Know your place ...
“What I think is of concern is that the problem is no longer back of town. You’re dealing with an element that knows no boundaries.”— Paul King (Robin Hood owner)
“Bermuda still suffers from too many dysfunctional families. It must provide support to at-risk young people and their parents. This would prevent people from joining gangs and not only avoid horrific tragedies such as the Robin Hood shootings, but reduce youth unemployment and the general atmosphere of hopelessness that afflicts too many young people today.”
— Royal Gazette editorial
So was Paul King saying that if the mayhem, violence and death that was meted out on a casual basis at the Robin Hood a fortnight ago, resulting in the horrific murders of two young Black men, was contained to the precincts of Court Street, Middle Town Road, Broom Street up in Somerset or Horseshoe Road in Southampton it would be far more tolerable?
Out of sight out of mind, perhaps? That if they knew their boundaries or, as we like to say in Bermuda, that if they knew their place — they being the so-called Black gang members — that he and countless others who inhabit the other Bermuda who are overwhelmingly White, I might add, could continue to live their lives insulated from the reality of what has become of Bermuda’s Black working-class communities up and down this island.
Was this worse than Sir John Swan’s “Black men are the problem” comment from three-plus decades ago? If not, it has in a dubious way earned the all-time No 2 spot.
To add insult to injury, the patronising Gazette editorial states that Bermuda has too many dysfunctional families. Of course, the editorial elides that the exclusive reference here is to Black families and young Black men. And, if one accepts that all the families referenced are Black, which is made quite clear, what does that say about Bermuda’s White families and young White males.
Let me say this, I gave an interview to this newspaper through reporter Jonathan Bell, which was printed last week and which reflected an analysis of the problem around this issue. Included were the types of public policies that were required to fundamentally change the two decades-plus trajectory of this destructive trend that is now multigenerational. To my surprise the Gazette omitted them. What amounted to no more than two to three sentences. Those recommendations also virtually mirrored those submitted by the Social Justice Group.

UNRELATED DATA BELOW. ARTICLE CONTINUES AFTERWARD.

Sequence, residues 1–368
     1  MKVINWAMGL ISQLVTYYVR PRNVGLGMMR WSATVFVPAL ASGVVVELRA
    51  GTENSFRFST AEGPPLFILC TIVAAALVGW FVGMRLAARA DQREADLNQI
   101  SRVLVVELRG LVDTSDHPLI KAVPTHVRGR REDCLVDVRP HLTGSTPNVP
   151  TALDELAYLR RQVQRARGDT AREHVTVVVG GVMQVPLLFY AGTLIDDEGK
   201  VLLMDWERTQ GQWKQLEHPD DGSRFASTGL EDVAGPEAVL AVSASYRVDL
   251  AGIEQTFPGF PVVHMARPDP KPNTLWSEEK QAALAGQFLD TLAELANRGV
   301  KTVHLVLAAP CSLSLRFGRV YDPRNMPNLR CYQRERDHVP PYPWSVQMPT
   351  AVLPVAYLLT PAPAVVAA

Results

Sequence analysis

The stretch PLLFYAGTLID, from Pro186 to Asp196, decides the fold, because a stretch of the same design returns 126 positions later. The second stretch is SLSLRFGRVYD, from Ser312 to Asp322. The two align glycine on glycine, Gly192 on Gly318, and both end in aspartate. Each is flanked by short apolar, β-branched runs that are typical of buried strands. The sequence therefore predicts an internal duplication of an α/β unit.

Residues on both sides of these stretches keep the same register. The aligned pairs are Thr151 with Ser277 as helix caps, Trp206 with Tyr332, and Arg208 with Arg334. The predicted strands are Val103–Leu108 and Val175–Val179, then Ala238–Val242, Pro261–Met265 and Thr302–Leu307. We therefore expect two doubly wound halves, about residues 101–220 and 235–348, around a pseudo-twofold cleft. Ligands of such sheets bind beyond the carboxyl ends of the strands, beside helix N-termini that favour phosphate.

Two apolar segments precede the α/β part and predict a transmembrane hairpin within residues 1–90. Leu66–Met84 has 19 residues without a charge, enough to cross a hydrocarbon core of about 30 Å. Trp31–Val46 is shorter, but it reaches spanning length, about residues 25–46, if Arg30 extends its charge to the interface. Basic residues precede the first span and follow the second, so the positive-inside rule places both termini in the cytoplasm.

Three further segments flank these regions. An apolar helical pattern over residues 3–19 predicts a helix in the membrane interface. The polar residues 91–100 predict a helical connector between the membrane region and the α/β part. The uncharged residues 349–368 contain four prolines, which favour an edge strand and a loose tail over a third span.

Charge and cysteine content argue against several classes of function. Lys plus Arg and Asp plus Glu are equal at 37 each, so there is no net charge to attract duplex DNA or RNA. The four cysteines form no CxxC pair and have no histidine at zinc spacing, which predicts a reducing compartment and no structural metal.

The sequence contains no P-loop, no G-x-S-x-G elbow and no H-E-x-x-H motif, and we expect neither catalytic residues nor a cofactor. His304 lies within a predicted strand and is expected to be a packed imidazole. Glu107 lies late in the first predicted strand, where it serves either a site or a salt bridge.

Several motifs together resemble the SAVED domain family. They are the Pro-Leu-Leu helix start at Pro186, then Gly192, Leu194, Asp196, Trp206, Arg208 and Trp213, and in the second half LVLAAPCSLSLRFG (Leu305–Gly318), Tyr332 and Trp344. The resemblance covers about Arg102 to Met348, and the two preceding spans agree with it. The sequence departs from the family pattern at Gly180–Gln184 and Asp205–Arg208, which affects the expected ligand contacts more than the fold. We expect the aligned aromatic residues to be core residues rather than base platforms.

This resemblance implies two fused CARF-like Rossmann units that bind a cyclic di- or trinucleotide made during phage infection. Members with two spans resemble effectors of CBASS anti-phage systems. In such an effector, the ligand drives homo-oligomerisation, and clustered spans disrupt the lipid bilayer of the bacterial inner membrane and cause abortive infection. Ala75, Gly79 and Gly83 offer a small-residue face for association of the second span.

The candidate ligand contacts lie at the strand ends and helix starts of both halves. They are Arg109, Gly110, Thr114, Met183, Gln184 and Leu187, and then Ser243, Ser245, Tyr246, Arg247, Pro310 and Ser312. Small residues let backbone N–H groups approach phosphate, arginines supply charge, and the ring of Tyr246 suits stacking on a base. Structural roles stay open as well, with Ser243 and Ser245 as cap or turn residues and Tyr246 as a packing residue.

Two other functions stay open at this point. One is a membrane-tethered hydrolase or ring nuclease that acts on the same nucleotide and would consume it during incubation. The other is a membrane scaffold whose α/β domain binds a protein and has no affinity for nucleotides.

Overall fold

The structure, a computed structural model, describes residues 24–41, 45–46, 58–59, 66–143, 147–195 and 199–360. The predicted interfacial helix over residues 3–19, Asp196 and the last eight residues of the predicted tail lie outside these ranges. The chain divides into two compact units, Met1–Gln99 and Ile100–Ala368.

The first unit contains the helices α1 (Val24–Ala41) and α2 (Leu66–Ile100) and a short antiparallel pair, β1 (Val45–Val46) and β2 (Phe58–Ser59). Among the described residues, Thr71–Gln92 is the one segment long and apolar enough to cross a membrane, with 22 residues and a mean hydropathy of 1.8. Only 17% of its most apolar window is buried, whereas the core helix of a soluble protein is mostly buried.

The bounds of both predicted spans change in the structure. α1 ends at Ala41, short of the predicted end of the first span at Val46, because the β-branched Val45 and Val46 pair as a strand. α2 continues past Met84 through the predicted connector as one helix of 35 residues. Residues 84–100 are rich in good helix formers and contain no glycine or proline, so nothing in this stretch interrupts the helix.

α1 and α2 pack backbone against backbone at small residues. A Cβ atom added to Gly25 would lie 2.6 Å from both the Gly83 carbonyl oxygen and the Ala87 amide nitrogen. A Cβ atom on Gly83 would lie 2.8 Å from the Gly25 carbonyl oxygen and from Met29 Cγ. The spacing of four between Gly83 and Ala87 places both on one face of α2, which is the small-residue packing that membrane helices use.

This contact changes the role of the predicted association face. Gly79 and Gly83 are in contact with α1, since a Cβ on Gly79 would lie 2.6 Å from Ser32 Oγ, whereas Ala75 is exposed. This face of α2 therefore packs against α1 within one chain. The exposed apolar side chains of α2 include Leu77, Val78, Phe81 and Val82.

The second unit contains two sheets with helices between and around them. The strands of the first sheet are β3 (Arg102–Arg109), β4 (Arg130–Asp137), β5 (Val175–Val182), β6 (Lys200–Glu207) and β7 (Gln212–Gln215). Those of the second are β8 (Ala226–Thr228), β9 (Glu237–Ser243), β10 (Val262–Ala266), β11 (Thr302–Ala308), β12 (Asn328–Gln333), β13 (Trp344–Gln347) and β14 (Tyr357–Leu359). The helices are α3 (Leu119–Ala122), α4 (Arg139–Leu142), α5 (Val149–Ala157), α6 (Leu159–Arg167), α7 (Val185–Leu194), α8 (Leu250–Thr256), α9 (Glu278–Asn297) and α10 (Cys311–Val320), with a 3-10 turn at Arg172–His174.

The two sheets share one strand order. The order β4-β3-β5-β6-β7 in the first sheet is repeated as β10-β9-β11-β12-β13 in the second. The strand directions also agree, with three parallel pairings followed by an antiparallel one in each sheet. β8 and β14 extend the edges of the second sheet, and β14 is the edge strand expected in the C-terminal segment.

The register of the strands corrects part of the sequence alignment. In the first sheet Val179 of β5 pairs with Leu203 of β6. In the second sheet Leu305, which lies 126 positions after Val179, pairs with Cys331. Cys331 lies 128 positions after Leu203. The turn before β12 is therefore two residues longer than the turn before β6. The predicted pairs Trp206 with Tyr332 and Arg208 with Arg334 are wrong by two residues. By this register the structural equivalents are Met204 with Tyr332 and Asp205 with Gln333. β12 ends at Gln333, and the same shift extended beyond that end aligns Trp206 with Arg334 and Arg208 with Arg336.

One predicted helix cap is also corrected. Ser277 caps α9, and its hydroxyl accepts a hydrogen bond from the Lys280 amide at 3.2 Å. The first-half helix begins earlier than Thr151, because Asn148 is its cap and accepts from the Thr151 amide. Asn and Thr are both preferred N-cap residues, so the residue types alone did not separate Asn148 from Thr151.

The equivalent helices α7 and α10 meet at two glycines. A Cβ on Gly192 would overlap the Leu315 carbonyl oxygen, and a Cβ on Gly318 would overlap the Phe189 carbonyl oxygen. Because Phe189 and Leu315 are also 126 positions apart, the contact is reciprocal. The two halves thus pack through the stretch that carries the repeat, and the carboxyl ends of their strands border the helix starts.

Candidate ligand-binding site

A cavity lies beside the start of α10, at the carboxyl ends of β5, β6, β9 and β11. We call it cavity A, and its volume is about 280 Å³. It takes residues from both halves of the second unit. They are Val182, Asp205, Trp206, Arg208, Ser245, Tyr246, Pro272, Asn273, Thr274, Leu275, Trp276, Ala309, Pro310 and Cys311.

On the other hand, the social justice group did echo my call for us to address the underlying causation — and included the types of policies at a minimum that are indispensable. I was appreciative of them for doing so.
Fundamentally, what is driving these horrific outcomes since the turn of this century has been the extraordinarily high levels of income inequality that Bermuda has endured and its impact on those at the bottom of income distribution on the island, who have been overwhelmingly its Black residents because of pre-existing racial disparities around employment, wages and social mobility at the very least. For the Black working poor, their neighbourhoods and households up and down Bermuda, this has been devastating.
It was the work of former Bank of Bermuda economist Robert Stubbs that opened my eyes to the levels of income inequality that began to grow fairy robustly at the beginning of the 21st century. His findings would later find their way to this paper and helped to inform my deliberations around the Parliamentary Joint Select Committee on the Living Wage.
What was really intriguing was how he demonstrated how the impacts of that rise in income inequality was showing the same destructive impacts seen in other countries in the Organisation for Economic Co-operation and Development as it relates to homicides. Later, research by me would also reveal its link to gang formation, violence and the decline in social mobility.
Moreover, income inequality at these levels has its most destructive impact on those at the bottom of income distribution. That is why the only really sustainable and effective response, as the research confirms, is to put in place public policies designed to produce more equitable outcomes for those in these lower income groups — overwhelmingly Black Bermudians in our case — through redistributive policies.
Here are the types of public policies I proposed last week:
• Tax restructuring to provide more equity in the system by removing the tax burden off of the backs of the working poor who are predominately Black in Bermuda by ensuring the wealthy corporations — particularly in international business and Bermuda companies such as Belco and its parent company, along with Colonial and Dunkley’s — pay their fair share.